How Perez was key to Red Bull’s win in France – and why Mercedes couldn't respond to Verstappen's second stop
The epic duel for victory at Paul Ricard between Max Verstappen and Lewis Hamilton was one for the history books but while the attention was inevitably focussed on their see-sawing battle, their respective team mates Sergio Perez and Valtteri Bottas played crucial strategic roles in that duel at the front.
While Verstappen and Hamilton slugged it out, and Bottas initially stayed in touch with them, Perez immediately fell away, unhappy with the nervy feel of the car on a low wing setting and in gusty conditions. He felt the early stages were not the crucial ones and that the race might come back to him if he could use his tyre whispering skills to give himself a better strategy.
With no undercut pressure from behind, as the Mercedes/Red Bull group pulled quickly away from the rest of the pack, Perez could simply concentrate on executing the ideal strategy, running long on the mediums in order to get onto fresher tyres than the others for the second stint.
He was looking after his own race in doing this, but if he could bring himself into play later in the race it would be extra valuable in Red Bull’s efforts at winning Verstappen the race.
This is exactly how it played out. He ran until Lap 24, seven laps longer than Bottas, before switching to the hards. The others had pulled themselves into early stops applying and responding to undercut attempts – and that undercut had worked spectacularly well for Verstappen, springing him into the lead. But it defined long second stints for them.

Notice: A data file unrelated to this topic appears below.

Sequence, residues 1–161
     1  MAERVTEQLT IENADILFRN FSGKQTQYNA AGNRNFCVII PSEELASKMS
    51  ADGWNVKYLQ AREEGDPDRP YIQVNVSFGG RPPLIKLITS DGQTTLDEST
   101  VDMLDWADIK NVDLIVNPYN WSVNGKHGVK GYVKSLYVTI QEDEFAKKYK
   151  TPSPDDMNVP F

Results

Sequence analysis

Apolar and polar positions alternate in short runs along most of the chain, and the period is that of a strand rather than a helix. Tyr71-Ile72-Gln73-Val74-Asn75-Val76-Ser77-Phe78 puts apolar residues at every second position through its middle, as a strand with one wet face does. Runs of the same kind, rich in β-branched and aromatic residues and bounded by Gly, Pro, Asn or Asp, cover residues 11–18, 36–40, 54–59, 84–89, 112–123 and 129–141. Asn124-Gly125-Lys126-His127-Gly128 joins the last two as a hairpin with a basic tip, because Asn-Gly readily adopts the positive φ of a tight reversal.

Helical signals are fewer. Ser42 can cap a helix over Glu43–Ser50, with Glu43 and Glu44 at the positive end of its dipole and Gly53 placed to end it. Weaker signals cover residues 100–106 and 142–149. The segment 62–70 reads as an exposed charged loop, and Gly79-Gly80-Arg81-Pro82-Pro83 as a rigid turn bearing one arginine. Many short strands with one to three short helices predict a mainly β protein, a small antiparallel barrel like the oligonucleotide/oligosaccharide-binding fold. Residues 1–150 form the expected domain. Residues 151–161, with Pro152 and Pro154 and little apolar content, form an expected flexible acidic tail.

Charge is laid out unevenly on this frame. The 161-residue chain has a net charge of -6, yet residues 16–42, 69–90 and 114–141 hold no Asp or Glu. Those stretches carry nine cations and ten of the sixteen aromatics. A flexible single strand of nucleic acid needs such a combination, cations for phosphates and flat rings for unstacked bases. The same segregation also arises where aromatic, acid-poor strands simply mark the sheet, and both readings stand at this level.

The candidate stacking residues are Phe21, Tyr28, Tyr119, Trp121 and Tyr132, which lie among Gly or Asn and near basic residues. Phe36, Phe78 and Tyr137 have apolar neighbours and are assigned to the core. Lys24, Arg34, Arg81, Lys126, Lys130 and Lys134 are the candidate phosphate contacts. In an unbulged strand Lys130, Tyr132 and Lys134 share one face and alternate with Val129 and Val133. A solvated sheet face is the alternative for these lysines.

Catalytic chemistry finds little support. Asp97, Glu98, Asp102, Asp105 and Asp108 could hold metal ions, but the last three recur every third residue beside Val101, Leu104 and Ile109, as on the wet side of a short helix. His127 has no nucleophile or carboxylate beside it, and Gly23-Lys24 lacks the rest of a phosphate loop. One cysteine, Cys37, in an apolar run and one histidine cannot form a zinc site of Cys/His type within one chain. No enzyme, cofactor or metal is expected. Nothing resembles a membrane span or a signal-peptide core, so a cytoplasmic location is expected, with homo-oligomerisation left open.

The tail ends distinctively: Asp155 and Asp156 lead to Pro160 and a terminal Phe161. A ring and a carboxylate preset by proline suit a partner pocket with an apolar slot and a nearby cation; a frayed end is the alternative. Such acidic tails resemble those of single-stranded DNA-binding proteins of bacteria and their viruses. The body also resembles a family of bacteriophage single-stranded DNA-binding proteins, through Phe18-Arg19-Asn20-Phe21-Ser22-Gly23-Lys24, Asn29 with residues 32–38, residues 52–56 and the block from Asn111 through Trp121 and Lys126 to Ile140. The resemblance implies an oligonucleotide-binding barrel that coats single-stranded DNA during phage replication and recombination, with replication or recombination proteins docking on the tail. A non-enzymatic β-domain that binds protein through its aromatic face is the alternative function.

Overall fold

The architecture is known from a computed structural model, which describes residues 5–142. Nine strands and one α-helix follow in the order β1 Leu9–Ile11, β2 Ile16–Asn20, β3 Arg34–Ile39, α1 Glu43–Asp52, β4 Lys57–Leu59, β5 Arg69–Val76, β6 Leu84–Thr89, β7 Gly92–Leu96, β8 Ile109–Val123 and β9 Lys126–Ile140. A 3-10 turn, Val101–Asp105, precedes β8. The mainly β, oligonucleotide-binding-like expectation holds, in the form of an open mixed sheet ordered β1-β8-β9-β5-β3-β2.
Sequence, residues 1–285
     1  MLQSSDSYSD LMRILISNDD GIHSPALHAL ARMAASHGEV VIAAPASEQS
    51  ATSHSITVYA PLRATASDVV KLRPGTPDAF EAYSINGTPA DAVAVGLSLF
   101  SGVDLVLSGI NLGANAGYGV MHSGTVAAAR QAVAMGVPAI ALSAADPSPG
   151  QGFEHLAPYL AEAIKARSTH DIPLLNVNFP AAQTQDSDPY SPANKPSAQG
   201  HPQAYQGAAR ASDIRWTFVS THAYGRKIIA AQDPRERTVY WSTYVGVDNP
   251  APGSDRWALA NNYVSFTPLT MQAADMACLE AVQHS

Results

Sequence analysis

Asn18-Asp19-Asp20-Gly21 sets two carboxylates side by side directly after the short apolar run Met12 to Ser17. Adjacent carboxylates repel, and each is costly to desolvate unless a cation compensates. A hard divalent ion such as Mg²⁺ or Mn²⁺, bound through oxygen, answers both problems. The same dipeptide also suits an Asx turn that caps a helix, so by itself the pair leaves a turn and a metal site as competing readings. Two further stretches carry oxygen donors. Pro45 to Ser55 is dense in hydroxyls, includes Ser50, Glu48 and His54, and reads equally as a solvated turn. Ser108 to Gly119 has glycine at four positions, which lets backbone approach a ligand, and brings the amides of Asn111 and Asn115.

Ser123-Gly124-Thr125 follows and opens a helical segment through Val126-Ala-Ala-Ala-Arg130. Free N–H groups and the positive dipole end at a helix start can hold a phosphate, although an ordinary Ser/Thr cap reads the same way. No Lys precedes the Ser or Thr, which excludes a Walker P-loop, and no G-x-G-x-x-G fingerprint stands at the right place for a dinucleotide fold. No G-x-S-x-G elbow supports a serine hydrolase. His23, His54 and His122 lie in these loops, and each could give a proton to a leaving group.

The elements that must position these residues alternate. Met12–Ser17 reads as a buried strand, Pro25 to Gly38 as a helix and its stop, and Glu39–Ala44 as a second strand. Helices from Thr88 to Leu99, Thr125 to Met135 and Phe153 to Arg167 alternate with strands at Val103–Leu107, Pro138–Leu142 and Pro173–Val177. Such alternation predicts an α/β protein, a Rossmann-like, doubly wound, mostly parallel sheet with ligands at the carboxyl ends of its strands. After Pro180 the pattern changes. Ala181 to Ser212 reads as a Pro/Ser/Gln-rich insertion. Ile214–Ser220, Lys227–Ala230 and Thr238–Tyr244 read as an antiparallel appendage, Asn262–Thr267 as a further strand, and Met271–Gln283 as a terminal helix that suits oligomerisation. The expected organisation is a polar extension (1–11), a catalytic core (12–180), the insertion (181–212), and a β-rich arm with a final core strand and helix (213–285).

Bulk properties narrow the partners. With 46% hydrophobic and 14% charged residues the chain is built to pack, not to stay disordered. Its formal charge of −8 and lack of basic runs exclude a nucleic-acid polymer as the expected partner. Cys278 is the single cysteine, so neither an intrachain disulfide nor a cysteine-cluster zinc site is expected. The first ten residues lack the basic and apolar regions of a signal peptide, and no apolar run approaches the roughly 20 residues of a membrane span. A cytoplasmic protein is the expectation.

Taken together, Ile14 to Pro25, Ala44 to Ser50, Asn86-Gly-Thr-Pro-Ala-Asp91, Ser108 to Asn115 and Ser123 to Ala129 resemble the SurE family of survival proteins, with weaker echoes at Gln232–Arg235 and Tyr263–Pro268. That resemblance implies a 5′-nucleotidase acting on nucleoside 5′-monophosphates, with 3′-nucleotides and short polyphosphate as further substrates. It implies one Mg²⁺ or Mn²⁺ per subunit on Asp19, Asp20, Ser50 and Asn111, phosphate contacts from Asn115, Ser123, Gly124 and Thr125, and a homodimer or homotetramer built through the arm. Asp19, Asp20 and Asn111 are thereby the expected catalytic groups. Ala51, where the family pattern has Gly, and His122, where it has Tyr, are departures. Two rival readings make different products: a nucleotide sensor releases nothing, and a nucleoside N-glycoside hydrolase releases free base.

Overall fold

After a few laps of hard driving early in that second stint, Verstappen and Hamilton began to feel their tyres deteriorating quickly. The hards had not been expected to be problematical but here the fronts were graining just as the mediums had in the first stint. A second stop began to suggest itself, but who would dare pull the plug: Red Bull with Verstappen or Mercedes with Hamilton?
This is where Perez’s presence was fundamental to Mercedes’ actions. They were reluctant to try for a repeat of Hungary 2020 or Barcelona ’21 where they had pitted Hamilton from behind and he’d been able to use his new tyres to catch and pass Verstappen before the end.
That had been feasible because there was nothing to lose. This time there was: if they pitted Hamilton he’d rejoin behind Perez and would need to find a way around him before getting to Verstappen. On medium tyres that were prone to graining.
It was this reluctance which allowed Red Bull to pull the second stop plug first, pitting Verstappen from the lead, allowing him to do to Hamilton what Hamilton had done to him previously.
As for Bottas, it was his reporting of severe vibrations as his first stint tyres became worn that led to Mercedes pitting him as early as they did, on Lap 17. This forced Verstappen and Hamilton in turn to respond, thereby putting them all on potentially long second stints.
From early in the race Bottas was pushing the team to switch him to a two-stop, but they were reluctant to do that as they preferred him in play as part of trying to win Hamilton the race – and because it would not have even been a given he could get the place back he’d surrender to Perez.
Keeping him out, reasoned the Merc strategists, would place him as an obstacle to Red Bull pitting Verstappen for a second stop (i.e. the very thing that Perez was doing for Red Bull on Mercedes).
But Red Bull opted to do it anyway, reasoning – accurately, as it turned out – that Verstappen had the pace to repass Bottas without much time loss or tyre consumption. The fates of the number twos then entwined on the 49th lap, four from the end when Perez’s seven lap-newer tyres finally told as he put a committed move on Bottas around the outside of Signes.